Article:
If you're working in the yard this summer, take a look: Using a satellite, NASA scientists are monitoring how healthy your lawn and garden are.
The agency plans to launch Orbiting Carbon Observatory-2 next month. The main goal is to create a global map of carbon sources and sinks. The OCO-2 mission will provide the most detailed map of photosynthetic fluorescence – that is, how plants glow – that has ever been created. This data should enable scientists to estimate how quickly plants in the world absorb carbon from the atmosphere.
The project's uses are broad, but science is easy to understand.
During photosynthesis, a plant absorbs light and immediately releases it again at a different wavelength. This is known as fluorescence. In a laboratory setting, botanists can measure the intensity of fluorescence to estimate how actively a plant is doing photosynthesis. A satellite could theoretically capture the light emitted by the world's plants to estimate how much carbon the plants absorb. But there was always a big, fiery problem: the sun.
The sun is a beautiful thing in many ways. It makes life possible by supplying our planet with energy. However, from the point of view of observation, it can be a great pain. There are huge parts of the universe that we simply cannot see because the brightness of the sun obscures our view.
Similarly, it was believed that the sun made it impossible to measure global photosynthetic fluorescence. The signals we want to observe are subtle and represent a narrow section of the electromagnetic spectrum. It has been assumed that the broadband rays from the sun overwhelm the wavelengths of plant fluorescence, so that they are practically invisible.
This is where Joanna Joiner from NASA's Goddard Space Flight Center in Greenbelt, Md., And Christian Frankenberg from the Jet Propulsion Laboratory in Pasadena, California, came into play with their innovative use of an electromagnetic phenomenon called Fraunhofer Lines. In the early 19th century, the German optician Joseph Fraunhofer noticed that there were several dark lines between the beautiful colored light strips that emerged from a prism. This is because molecules in the atmosphere have absorbed certain wavelengths of sunshine until sunlight reaches Earth. In other words, our atmosphere blocks the sun in certain wavelength bands of the electromagnetic spectrum.
Joiner and Frankenberg realized that they could search for plant fluorescence in the bands of the electromagnetic spectrum in which the sunlight was dimmed. Data from the Japanese greenhouse gas observation satellite, launched in 2009, confirmed their belief. Although the OCO-2 project was already on the move when Joiner and Frankenberg made their breakthrough, the addition of fluorescence readings will massively improve the satellite's ability to perform its carbon measurement mission.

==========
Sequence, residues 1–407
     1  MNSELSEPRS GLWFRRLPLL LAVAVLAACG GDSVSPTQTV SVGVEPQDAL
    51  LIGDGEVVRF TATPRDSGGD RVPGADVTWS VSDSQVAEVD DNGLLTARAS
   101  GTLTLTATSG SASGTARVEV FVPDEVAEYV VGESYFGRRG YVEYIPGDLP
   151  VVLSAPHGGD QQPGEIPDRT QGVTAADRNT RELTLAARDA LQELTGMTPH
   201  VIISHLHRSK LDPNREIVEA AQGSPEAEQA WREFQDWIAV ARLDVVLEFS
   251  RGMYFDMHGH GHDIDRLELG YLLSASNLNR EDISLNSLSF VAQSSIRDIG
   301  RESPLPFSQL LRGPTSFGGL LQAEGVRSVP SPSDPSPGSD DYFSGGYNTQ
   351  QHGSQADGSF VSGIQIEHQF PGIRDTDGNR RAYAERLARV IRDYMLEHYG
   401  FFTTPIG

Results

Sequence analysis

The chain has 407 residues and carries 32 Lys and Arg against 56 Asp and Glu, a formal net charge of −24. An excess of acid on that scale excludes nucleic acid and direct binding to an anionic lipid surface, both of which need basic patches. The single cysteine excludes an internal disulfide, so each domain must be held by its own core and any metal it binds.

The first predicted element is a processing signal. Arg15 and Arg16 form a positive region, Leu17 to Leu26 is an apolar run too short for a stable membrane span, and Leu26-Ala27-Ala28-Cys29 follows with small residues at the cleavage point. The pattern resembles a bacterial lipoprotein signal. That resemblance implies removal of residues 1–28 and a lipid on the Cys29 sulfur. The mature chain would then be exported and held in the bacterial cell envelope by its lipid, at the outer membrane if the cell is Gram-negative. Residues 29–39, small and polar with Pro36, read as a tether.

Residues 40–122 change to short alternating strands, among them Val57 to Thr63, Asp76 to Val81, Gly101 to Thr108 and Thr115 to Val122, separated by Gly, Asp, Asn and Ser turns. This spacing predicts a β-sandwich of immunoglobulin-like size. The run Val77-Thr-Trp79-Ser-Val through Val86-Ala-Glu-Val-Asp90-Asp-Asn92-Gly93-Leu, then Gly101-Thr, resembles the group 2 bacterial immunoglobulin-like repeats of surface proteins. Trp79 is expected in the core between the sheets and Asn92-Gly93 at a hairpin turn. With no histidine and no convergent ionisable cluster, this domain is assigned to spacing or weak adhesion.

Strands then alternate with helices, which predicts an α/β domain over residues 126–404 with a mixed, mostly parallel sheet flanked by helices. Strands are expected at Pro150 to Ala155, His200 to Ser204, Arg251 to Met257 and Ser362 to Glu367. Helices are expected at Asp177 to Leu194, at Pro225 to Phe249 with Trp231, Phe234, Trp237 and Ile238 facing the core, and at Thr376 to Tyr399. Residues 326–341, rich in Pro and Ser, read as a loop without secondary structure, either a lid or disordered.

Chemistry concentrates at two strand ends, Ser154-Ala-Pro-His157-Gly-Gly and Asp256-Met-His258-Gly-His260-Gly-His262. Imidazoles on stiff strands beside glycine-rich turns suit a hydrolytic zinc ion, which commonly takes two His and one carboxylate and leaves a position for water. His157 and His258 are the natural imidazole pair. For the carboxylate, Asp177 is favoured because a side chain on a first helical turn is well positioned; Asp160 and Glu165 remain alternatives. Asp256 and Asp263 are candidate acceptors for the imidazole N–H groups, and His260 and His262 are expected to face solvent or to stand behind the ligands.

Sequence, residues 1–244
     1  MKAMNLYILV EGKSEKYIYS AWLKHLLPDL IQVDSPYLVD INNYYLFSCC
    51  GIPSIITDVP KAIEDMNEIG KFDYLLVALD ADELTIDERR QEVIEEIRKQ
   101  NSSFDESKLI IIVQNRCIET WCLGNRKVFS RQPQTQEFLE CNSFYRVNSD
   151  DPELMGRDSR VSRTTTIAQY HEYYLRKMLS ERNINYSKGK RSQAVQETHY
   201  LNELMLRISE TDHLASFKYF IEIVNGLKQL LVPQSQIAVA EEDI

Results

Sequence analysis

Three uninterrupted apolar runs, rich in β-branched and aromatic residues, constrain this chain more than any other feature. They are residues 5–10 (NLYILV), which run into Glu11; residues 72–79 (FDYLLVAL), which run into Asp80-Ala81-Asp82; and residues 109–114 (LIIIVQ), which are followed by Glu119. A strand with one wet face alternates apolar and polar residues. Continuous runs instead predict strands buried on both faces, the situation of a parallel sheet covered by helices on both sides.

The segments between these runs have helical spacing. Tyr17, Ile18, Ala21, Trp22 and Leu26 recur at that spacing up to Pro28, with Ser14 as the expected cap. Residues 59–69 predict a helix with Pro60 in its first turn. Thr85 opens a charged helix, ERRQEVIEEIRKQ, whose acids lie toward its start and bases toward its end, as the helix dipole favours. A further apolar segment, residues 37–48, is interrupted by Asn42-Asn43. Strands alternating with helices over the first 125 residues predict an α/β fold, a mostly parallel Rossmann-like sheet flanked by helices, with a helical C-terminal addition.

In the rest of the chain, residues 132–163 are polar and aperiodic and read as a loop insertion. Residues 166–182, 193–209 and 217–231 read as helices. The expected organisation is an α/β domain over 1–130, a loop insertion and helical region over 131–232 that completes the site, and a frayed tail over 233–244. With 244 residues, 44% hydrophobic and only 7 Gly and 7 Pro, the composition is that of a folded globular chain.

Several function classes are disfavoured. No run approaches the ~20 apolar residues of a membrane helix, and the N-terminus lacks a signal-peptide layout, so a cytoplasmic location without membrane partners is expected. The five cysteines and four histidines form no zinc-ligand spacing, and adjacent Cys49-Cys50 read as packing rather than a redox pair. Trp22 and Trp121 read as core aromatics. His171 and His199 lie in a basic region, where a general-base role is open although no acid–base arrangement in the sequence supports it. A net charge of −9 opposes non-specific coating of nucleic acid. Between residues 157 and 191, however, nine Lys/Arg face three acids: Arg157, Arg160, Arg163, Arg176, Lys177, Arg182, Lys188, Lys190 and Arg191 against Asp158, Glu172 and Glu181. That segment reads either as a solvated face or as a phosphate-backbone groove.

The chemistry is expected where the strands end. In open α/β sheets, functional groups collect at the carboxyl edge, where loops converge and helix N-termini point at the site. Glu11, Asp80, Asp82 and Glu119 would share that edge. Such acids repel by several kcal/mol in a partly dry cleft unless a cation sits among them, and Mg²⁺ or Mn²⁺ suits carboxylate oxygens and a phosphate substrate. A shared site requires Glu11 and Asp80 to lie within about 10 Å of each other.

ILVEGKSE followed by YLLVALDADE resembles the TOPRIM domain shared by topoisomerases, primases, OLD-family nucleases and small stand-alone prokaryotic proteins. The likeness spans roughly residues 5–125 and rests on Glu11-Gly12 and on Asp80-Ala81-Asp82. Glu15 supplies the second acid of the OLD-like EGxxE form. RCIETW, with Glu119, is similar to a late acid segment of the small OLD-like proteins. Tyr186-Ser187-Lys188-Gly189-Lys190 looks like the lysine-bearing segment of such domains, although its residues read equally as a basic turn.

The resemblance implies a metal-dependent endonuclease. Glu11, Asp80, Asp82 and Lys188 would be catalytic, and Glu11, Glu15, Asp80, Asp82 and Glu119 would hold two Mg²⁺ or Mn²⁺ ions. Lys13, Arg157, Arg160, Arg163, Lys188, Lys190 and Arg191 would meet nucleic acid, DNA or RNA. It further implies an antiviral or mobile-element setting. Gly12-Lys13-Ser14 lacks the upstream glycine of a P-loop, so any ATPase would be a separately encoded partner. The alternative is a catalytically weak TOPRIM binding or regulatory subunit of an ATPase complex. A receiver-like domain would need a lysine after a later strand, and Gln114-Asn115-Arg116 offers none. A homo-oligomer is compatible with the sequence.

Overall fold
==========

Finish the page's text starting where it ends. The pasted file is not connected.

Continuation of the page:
A detailed map of photosynthetic activity and carbon absorption will better inform conservation efforts. It is generally believed that tropical forests absorb about 20 percent of global carbon emissions from fossil fuel combustion. But where else is the highest carbon intake? If the satellite data recognizes other areas with intense photosynthetic activity, we should work hard to preserve them.
The carbon uptake map should also help resolve some longstanding disputes. Conventional wisdom once said that old growth forests were poor in carbon sequestration because they seemed to have finished growing. Some analysts suggested that converting these trees into houses or furniture would make room for newer trees to absorb more carbon.
However, more recent evidence suggests that old trees continue to inhale carbon at high speed. The data from OCO-2 will provide information about the relative photosynthetic activity of old and new forests.
The data also provide an early warning system. For example, a drought in 2005 severely affected the Amazon rainforest's ability to absorb carbon, but scientists haven't realized the full extent of the impact for several years. Satellite fluorescence data could have identified the situation almost as it happened.
We may not be able to do much to ward off a drought in the Amazon, but there are other ways that the data can be used. A drop in photosynthesis rates, as a result of declining fluorescence, could alert farmers to crop failures much earlier. This could help planners manage irrigation resources and alert global aid agencies to potential famines before they occur.
Managing a garden from space sounds a bit futuristic, but horticulture is about to enter the space age. From now on, don't just try to impress the neighbors with your green thumb.